Me and Earl and the Dying Girl

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There have been a slew of similarly themed movies over the last few years that really try to get into the young-adult headset (and pocket): Now is Good, The Fault in our Stars, Spectacular Now, etc. Me and Earl isn’t a bad addition to the list, but it is closer to Submarine than its other coming-of-age-during-life-threatening-hardship relations.

What makes it work best are the performances of the younger cast, which are entertaining and well done. Thomas Mann (It’s Kind of a Funny Story) and Oliva Cooke (Ouija) as the main characters play off each other well and stick to their characters and paths doggedly. Mann carries most of the weight, but absent Cooke, his performance wouldn’t have worked.

The adults in this story, however, are all caricatures, from Nick Offerman (Kings of Summer) and Connie Britton (This is Where I Leave You) as Mann’s parents, to the cool teacher, played by Jon Bernthal (The Walking Dead). Even more extreme was Molly Shannon’s (Life After Beth) turn as Cooke’s mother. Each of these, in different ways shattered the reality of the film for me, though Britton was the closest to reality.

Director Gomez-Rejon has an honest, but playful approach to life and his characters. It allows for some very inventive story-telling and effective moments. This isn’t too much of a surprise as he is best known for his TV work, including some of the best Glee episodes, a chunk of American Horror Story, and the Red Band Society pilot.  Each of these has elements that appear in this movie and that help it rise above its weaker aspects.

The real challenge with this story is Andrews’ script, adapted from his own novel, rather than the direction or performances. It feels like a story told from an adult point of view rather than from the young adults who dominate the screen. I think there was an intrinsic mistake made: assuming if you keep most of the adults off-screen (like many of the films I’ve already referenced) that the story will then be from the primary characters point of view in style and sense. But there is an ineffable quality to writing from a YA point of view that this script misses. It doesn’t feel like a teenager wrote it, it feels like an adult is remembering it and that makes it ring just a bit false. it also attempts to be just a bit too clever about some aspects, but to discuss those would risk spoilers.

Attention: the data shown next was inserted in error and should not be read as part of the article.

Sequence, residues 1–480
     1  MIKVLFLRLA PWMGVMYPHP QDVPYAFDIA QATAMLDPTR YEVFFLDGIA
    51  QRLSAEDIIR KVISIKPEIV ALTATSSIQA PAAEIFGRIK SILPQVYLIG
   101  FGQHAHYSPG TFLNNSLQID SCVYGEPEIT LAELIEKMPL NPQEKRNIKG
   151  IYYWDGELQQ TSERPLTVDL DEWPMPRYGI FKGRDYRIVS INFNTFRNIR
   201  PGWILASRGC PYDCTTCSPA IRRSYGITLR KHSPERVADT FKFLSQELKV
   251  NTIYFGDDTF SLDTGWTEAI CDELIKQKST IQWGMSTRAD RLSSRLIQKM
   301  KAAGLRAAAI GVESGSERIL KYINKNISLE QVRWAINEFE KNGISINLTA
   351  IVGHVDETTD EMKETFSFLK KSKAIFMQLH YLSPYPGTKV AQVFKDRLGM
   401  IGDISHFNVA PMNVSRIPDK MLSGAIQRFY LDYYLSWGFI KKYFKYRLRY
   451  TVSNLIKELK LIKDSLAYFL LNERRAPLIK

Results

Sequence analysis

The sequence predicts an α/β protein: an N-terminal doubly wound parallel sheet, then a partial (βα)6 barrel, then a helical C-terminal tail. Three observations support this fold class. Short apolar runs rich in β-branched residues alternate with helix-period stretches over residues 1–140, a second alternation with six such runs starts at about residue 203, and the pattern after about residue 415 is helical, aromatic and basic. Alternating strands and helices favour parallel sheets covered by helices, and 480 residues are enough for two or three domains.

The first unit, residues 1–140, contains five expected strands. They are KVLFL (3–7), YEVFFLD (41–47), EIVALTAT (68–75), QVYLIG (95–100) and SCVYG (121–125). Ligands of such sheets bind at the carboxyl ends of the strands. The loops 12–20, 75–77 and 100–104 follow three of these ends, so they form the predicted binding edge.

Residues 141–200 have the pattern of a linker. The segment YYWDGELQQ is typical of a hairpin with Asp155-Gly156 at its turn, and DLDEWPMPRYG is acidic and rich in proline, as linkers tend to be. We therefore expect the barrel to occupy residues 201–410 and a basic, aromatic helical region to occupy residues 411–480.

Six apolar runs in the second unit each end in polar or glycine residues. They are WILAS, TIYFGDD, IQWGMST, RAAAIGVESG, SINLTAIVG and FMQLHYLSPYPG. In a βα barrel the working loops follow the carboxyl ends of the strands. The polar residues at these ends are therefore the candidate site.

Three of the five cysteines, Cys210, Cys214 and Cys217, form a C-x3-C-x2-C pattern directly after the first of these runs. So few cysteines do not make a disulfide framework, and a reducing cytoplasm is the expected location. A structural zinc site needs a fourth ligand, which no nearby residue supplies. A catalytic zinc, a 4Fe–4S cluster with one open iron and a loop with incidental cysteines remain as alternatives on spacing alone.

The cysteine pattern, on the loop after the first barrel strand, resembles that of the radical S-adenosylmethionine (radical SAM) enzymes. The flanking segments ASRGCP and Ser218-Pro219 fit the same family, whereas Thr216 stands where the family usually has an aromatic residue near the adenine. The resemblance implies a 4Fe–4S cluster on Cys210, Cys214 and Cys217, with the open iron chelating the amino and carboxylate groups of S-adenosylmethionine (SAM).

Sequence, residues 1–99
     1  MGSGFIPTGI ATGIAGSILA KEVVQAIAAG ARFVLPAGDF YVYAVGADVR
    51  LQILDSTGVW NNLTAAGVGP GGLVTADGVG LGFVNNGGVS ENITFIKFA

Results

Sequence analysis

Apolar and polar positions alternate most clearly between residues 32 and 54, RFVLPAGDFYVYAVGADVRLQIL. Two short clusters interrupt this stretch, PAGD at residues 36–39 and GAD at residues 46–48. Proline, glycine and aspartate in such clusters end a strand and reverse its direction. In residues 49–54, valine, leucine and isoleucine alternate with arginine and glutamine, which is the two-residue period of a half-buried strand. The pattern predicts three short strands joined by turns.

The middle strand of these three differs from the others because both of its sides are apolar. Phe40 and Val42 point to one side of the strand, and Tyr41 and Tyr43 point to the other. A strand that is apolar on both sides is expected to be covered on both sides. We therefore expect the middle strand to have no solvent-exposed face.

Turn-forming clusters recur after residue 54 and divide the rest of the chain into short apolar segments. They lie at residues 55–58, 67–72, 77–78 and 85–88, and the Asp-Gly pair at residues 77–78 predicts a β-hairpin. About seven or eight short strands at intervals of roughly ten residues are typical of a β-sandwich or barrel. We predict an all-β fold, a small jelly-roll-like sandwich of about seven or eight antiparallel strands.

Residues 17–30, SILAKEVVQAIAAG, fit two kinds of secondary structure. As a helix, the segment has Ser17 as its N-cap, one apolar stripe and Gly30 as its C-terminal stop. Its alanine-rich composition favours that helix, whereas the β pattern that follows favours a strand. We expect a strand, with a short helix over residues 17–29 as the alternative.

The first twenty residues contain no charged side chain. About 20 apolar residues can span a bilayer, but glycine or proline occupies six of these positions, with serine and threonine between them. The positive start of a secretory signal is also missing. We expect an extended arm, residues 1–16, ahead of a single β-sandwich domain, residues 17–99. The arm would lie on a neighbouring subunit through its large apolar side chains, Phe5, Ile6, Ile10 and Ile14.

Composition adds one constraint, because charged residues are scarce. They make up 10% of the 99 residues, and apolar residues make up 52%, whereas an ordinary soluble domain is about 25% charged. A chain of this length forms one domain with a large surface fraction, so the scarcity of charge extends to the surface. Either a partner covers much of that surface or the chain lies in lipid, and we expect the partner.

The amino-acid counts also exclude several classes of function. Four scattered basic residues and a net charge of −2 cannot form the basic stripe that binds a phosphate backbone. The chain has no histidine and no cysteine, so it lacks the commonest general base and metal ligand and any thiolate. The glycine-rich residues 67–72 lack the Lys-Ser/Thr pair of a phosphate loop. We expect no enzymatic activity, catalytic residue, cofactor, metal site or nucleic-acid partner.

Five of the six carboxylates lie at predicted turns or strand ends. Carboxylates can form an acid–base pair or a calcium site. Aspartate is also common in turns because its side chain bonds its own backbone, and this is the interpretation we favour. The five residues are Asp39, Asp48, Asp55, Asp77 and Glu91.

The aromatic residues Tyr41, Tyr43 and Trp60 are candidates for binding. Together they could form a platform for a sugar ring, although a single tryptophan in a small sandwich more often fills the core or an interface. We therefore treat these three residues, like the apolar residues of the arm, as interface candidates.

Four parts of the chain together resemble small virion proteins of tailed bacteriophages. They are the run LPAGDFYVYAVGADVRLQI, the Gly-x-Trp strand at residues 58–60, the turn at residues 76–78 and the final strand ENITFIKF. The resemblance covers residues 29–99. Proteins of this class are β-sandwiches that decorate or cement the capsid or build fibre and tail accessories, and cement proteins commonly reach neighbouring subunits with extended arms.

This is an entertaining film. It isn’t perfect and it will probably work better for adults than young adults (the 15-20 set). It is worth it for some of the performances and some of the humor, but it never really quite finds its feet nor makes its point entirely, though the ending minutes are really quite wonderful. It was a darling on the festival circuit this past year, but fell flat in wide distribution. Certainly the subject matter was going to be a challenge, but I think it has more to do with the script issues I raised. Kids can smell a fake, and this one had a whiff of that.

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